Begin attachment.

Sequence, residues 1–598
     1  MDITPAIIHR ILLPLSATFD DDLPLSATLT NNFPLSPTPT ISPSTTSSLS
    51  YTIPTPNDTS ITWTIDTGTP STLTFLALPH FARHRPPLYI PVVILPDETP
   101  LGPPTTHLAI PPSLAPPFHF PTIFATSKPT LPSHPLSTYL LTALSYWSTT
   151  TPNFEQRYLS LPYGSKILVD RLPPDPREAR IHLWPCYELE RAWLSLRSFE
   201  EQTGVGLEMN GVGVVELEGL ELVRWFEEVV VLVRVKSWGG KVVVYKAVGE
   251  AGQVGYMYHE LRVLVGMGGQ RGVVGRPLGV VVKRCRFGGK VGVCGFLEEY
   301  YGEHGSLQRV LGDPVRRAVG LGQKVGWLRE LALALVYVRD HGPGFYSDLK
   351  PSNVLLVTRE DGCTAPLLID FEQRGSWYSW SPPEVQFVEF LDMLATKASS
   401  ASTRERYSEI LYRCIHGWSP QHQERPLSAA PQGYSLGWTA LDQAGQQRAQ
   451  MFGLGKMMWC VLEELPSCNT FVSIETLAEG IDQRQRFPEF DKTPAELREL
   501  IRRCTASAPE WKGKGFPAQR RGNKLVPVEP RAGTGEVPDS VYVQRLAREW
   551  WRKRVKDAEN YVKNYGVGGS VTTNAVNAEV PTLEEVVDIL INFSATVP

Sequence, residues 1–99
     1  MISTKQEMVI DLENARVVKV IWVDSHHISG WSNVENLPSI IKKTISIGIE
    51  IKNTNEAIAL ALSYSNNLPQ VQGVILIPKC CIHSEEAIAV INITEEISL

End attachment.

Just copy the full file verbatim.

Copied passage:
Sequence, residues 1–598
     1  MDITPAIIHR ILLPLSATFD DDLPLSATLT NNFPLSPTPT ISPSTTSSLS
    51  YTIPTPNDTS ITWTIDTGTP STLTFLALPH FARHRPPLYI PVVILPDETP
   101  LGPPTTHLAI PPSLAPPFHF PTIFATSKPT LPSHPLSTYL LTALSYWSTT
   151  TPNFEQRYLS LPYGSKILVD RLPPDPREAR IHLWPCYELE RAWLSLRSFE
   201  EQTGVGLEMN GVGVVELEGL ELVRWFEEVV VLVRVKSWGG KVVVYKAVGE
   251  AGQVGYMYHE LRVLVGMGGQ RGVVGRPLGV VVKRCRFGGK VGVCGFLEEY
   301  YGEHGSLQRV LGDPVRRAVG LGQKVGWLRE LALALVYVRD HGPGFYSDLK
   351  PSNVLLVTRE DGCTAPLLID FEQRGSWYSW SPPEVQFVEF LDMLATKASS
   401  ASTRERYSEI LYRCIHGWSP QHQERPLSAA PQGYSLGWTA LDQAGQQRAQ
   451  MFGLGKMMWC VLEELPSCNT FVSIETLAEG IDQRQRFPEF DKTPAELREL
   501  IRRCTASAPE WKGKGFPAQR RGNKLVPVEP RAGTGEVPDS VYVQRLAREW
   551  WRKRVKDAEN YVKNYGVGGS VTTNAVNAEV PTLEEVVDIL INFSATVP

Sequence, residues 1–99
     1  MISTKQEMVI DLENARVVKV IWVDSHHISG WSNVENLPSI IKKTISIGIE
    51  IKNTNEAIAL ALSYSNNLPQ VQGVILIPKC CIHSEEAIAV INITEEISL